Richard Holbrook’s Benefit Concert To Give All Proceeds to The Bruce Paltrow Oral Cancer Fund

NEWPORT BEACH, Calif., July 13, 2017 /PRNewswire-USNewswire/ — Acclaimed cabaret singer Richard Holbrook will be performing two benefit concerts at the Metropolitan Room in New York City on Friday, September 8, 2017 at 7:00pm and Saturday, September 9, 2017 at 4:00pm as a benefit for The Bruce Paltrow Oral Cancer Fund which is connected with The Oral Cancer Foundation.

Holbrook will be singing Richard Rodgers songs from classic Broadway shows and memorable Hollywood film musicals. “I’m so thrilled and excited to be performing my show as a benefit for the Bruce Paltrow Oral Cancer Fund,” he states. Holbrook will be accompanied by the fabulous Tom Nelson Trio.

The stage 4 oral cancer survivor found a canker sore which led to a cancer diagnosis, spreading from gum to jaw. In September 2013 Holbrook stated, “After the surgery, I couldn’t utter a sound. I wrote notes to my family, but they were illegible. I got so frustrated! I now have such empathy for people with conditions that keep them from being able to communicate with the world. One of the most enlightening lessons I learned is how important communication is. As singers, it is all about HOW we communicate through words, sound and storytelling.”

About Richard Holbrook

Born in New York City, Richard taught himself how to sing by listening to the recordings of Fred Astaire, Judy Garland, and Bing Crosby and by watching their films. He found success as an actor on such hit television series as The Sopranos and Spin City, and a passion for performing cabaret which led to his first CD entitled Richard Holbrook Steps Out in 2004. Over the past several years, Richard, a three-time MAC Award nominee for best male vocalist, has appeared at popular Manhattan night spots such as Danny’s Skylight Room, Don’t Tell Mama and of course the Metropolitan Room.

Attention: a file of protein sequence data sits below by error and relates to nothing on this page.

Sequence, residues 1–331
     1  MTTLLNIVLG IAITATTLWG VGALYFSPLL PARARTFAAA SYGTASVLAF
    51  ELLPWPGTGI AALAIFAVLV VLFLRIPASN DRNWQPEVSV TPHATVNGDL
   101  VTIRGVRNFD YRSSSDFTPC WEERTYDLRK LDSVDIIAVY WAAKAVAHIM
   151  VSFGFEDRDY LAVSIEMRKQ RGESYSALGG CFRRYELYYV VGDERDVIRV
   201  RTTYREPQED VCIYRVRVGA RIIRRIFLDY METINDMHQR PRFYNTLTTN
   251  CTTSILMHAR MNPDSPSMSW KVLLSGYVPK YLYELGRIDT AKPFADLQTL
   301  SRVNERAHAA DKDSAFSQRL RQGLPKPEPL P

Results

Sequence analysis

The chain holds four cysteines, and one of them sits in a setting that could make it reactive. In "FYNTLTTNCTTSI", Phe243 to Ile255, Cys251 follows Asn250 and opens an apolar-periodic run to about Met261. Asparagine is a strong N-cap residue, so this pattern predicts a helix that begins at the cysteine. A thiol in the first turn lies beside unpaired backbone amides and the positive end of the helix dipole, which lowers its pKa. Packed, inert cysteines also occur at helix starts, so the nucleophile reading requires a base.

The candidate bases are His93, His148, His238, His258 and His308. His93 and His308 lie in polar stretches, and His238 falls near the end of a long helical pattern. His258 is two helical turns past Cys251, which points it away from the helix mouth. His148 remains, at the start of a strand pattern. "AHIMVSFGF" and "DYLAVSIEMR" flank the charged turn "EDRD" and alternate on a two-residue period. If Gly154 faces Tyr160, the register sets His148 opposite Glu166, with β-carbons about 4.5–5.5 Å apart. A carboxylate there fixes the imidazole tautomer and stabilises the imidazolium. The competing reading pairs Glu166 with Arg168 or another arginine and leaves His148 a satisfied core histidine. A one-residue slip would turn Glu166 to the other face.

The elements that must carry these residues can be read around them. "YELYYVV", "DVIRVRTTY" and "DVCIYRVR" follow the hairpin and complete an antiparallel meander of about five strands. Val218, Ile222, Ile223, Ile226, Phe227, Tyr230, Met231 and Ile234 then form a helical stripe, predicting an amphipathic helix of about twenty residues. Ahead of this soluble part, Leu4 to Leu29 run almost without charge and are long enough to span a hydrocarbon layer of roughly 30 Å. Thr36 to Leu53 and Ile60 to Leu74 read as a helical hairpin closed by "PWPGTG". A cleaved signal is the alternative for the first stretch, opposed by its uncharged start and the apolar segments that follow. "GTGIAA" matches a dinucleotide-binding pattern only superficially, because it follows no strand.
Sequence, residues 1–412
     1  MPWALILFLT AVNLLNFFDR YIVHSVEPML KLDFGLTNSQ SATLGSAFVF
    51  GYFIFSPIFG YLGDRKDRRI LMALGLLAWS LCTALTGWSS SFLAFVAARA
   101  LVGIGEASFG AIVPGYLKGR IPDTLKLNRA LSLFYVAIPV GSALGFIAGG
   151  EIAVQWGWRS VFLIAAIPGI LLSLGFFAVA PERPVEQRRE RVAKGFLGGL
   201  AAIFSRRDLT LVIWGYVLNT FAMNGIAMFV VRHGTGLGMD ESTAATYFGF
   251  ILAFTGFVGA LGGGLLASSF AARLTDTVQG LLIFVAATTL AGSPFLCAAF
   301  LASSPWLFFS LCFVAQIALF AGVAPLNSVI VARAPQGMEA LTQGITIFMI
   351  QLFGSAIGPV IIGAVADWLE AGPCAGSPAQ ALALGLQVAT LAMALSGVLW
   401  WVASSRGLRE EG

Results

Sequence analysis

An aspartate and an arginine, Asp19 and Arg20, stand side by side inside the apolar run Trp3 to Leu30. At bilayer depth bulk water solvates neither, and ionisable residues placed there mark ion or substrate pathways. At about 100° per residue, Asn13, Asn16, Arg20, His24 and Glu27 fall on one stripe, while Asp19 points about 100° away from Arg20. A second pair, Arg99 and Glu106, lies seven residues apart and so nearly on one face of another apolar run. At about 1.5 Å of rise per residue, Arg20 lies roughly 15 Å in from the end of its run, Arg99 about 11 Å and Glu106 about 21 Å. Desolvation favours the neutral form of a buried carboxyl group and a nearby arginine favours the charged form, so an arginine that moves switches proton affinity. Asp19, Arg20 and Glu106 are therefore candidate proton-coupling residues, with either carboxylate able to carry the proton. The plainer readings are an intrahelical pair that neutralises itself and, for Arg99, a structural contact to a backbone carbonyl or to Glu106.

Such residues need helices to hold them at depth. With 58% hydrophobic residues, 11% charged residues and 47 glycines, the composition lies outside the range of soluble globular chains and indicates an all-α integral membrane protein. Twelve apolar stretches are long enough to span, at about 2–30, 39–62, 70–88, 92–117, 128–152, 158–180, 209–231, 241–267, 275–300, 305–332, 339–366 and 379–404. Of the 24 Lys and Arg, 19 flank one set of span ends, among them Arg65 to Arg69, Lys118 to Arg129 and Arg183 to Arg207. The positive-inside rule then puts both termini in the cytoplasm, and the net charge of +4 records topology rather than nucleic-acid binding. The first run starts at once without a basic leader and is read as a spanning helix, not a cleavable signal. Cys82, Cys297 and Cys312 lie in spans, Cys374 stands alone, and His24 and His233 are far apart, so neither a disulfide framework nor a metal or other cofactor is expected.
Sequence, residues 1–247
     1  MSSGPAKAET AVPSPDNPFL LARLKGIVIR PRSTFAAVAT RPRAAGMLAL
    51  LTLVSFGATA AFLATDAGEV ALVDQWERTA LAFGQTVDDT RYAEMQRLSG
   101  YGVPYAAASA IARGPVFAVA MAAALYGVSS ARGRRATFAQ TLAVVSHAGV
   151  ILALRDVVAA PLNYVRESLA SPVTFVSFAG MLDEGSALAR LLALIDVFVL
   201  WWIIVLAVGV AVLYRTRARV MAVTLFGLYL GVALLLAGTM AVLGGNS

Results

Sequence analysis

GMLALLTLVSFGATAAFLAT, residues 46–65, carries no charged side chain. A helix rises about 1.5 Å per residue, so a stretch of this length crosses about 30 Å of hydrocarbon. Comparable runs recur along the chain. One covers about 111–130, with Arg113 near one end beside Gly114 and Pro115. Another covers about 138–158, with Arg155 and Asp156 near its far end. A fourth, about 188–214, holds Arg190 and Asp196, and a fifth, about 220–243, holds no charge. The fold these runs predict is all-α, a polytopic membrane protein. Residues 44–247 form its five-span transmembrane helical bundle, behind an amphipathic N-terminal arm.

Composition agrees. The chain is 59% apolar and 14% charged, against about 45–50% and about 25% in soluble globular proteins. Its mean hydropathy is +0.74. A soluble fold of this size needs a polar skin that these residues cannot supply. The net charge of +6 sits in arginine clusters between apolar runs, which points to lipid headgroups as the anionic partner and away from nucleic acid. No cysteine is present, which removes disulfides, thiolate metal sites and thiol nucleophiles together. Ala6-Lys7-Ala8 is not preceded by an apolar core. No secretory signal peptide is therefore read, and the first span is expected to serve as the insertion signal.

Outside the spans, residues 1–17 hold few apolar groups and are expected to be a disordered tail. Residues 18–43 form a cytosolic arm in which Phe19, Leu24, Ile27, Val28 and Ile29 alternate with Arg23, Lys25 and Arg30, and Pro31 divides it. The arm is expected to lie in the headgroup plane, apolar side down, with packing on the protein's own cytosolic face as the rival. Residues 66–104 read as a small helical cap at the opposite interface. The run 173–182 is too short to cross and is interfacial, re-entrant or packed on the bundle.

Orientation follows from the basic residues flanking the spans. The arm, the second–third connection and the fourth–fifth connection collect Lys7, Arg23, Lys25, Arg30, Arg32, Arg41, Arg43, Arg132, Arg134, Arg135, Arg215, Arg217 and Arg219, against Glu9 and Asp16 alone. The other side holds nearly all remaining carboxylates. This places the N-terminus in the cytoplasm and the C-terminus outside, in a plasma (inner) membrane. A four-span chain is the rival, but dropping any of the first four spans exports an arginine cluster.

About the Metropolitan Room

This Flatiron “class act” aims to revive the “golden age of cabaret” as “up-and-coming stars” and “renowned performers” alike take the stage in an “intimate” room with “great acoustics”; run with “professionalism” by a “gracious staff”, it’s “worth every penny” for a “sophisticated” night out. – ZAGAT 2014

The Metropolitan Room, 34 West 22nd St.  (Bet. 5th & 6th Aves) New York, NY 10010

For Tickets: Use this website,  www.MetropolitanRoom.com

For Reservations: 212.206.0440

About the Oral Cancer Foundation

The Oral Cancer Foundation, founded by oral cancer survivor Brian R. Hill, is an IRS registered non-profit 501 (c) (3) public service charity that provides information, patient support, sponsorship of research, and advocacy related to this disease.  Oral cancer is the largest group of those cancers that fall into the head and neck category. Common names for it include such things as mouth cancer, tongue cancer, head and neck cancer, and throat cancer.  OCF maintains a web site at http://www.oralcancer.org, which receives millions of hits each month.  Supporting the foundation’s goals is a scientific advisory board composed of leading cancer authorities from varied medical and dental specialties, and from prominent educational, treatment, and research institutions in the United States.

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July, 2017|Oral Cancer News|